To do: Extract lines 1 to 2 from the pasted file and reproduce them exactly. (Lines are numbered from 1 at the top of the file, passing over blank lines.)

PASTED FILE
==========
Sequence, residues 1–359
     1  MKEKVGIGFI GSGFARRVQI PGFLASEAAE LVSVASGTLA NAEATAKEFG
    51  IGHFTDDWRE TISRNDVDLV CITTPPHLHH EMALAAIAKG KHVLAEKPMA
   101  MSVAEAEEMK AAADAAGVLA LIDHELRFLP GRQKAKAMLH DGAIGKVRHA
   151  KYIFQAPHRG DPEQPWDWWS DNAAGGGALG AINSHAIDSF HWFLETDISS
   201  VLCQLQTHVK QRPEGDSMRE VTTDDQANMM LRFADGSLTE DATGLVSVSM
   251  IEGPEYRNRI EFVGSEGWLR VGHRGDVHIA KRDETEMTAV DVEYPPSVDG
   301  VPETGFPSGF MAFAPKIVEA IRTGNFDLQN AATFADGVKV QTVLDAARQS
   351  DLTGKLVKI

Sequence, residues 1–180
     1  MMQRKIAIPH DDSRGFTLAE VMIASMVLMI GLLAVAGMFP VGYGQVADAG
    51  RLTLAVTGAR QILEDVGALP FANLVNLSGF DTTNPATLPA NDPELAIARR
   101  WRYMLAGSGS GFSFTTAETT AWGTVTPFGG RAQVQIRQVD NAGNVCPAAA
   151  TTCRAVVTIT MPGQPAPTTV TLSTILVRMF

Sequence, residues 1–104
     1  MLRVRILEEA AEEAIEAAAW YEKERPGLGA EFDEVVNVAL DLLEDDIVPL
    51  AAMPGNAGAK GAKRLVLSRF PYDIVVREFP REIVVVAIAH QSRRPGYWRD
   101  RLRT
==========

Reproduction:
Sequence, residues 1–359
     1  MKEKVGIGFI GSGFARRVQI PGFLASEAAE LVSVASGTLA NAEATAKEFG